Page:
ssh – host hopping (with Jump host)

Most of the times I need to jump hosts with ssh. What do I mean by that. Let me try to explain :

Host Hopping

If I need to got to host h3 then I need to first login to h1 and from there to host h2 and finally to host h3. This can be done with .ssh/config file but for that I need to have some program like nc installed on all the hosts in between which might not be practical in all cases. So, here is something that I found very useful.

ssh -tt h1 ssh -tt h2 ssh -tt h3

In the above command, we can add usernames, if needed. And now for the best part, if we add entry for h2 in h1 and h3 in h2 in the .ssh/config file, then we don’t need to add usernames. Similarly setup passwordless ssh from h2 to h3 and h1 to h2 and you don’t need password for any of the hosts, how cool is that 🙂

Send history of current host to some other host over ssh

Sometimes I want to save the history of current host on another host. This is to ensure that I can use copy/paste on other host to run the commands. To this, I found a simple solution –

history| ssh <user>@<host> 'cat - > /tmp/history'

And on the new host, you can find the history in file “/tmp/history”, cool :). Now I can quick edit this file to create this as shell script as well if required. How cool is that.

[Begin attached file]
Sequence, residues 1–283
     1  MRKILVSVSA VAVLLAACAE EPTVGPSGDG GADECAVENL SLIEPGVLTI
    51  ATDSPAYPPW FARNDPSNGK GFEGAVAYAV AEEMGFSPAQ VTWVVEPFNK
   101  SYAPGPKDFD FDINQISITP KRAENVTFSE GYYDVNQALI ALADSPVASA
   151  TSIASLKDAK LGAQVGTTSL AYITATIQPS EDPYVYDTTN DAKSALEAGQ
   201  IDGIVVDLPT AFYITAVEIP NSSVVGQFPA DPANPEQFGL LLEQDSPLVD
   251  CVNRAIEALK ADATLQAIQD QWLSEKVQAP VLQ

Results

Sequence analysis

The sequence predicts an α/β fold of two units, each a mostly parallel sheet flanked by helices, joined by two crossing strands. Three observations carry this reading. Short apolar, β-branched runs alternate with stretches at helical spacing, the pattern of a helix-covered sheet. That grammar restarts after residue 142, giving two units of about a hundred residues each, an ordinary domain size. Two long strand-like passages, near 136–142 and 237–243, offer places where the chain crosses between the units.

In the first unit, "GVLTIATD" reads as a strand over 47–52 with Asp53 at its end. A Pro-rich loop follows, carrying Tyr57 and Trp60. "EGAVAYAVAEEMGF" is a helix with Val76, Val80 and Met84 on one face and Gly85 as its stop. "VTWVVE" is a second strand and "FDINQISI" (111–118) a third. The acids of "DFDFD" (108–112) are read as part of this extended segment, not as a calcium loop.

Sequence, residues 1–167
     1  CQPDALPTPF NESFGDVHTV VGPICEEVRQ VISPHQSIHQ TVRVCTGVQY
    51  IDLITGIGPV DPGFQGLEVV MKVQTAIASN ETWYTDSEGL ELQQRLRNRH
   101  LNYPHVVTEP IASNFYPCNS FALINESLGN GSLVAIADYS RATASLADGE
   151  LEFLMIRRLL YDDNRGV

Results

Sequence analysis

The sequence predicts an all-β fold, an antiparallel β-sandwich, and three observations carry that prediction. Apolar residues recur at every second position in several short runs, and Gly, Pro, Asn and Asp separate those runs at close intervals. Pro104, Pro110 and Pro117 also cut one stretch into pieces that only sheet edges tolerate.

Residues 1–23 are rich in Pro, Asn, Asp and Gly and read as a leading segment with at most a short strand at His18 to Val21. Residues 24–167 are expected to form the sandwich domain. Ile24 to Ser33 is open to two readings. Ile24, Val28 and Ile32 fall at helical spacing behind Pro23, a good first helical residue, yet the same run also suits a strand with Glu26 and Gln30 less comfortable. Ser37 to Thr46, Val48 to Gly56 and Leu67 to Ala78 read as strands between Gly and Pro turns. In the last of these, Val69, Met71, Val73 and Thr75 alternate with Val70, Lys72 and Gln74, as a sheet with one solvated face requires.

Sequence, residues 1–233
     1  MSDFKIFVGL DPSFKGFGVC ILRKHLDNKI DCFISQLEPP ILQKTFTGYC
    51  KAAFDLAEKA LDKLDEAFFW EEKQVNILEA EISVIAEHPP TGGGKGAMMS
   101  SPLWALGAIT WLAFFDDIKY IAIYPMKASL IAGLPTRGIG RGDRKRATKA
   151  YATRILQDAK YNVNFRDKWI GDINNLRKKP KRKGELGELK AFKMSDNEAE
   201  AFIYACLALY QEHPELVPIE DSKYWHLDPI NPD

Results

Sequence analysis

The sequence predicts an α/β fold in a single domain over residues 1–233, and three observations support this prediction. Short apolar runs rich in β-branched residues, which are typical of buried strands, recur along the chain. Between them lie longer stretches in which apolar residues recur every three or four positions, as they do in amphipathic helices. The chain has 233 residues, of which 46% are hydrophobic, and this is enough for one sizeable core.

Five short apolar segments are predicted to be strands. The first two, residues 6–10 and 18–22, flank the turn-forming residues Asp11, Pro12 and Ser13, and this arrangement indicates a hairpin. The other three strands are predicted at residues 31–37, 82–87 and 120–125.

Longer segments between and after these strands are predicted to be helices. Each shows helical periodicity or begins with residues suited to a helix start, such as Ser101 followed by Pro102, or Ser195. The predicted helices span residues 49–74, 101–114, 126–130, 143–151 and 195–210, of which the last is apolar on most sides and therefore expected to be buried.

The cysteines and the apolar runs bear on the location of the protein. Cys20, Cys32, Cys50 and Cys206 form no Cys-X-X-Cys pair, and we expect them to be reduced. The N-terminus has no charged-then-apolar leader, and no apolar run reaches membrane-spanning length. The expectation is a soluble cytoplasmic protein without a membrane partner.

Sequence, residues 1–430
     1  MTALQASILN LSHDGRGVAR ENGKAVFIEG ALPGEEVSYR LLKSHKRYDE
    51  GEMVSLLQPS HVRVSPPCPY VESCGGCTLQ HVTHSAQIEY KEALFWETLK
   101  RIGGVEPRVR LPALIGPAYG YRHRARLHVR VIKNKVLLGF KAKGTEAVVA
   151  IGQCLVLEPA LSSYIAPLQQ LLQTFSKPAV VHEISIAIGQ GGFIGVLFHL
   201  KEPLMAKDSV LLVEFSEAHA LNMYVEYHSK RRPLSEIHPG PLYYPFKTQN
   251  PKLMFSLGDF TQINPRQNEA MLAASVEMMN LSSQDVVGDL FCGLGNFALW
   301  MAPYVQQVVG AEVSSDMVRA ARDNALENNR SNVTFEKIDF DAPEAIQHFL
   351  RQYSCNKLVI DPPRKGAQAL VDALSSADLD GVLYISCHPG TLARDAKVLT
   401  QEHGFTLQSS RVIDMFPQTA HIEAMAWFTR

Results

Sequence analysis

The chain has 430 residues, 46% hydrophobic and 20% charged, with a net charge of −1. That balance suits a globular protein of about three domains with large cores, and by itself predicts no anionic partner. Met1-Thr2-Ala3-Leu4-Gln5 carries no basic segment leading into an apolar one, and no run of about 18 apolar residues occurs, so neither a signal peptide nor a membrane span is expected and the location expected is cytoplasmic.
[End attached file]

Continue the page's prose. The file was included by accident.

ssh – remove offending key.

Whenever a system/server is re-installed or the host key changed for any reason, you would have seen the “host key verification failed”. And as usual you would have to go to known_hosts file and delete the offending key. I will show you 2 simple ways to do this here.

The output that you get in such scenario is:

Offending ECDSA key in ~/.ssh/known_hosts:4

First, you can use sed to directly delete the offending key with a command like this :

sed -i 4d ~/.ssh/known_hosts

So, if you see, we are using “-i” to do the changes inline and using “4d” command to delete the 4th line.

But being on Linux has the advantage that everything can be automated. So, lets do this in simpler way.

We will be using command called xclip for this, so get that intalled.

sudo dnf install xclip

Once that is done, add a alias in your bashrc file like this:

alias ssh-remove-key='a=( $(xclip -o|sed "s,:, ,") ) ; sed -i -e "${a[1]}d" ${a[0]}'

After this is done, whenever you get that error, copy the “<file>:line” portion and execute “ssh-remove-key” and the key is gone from file 🙂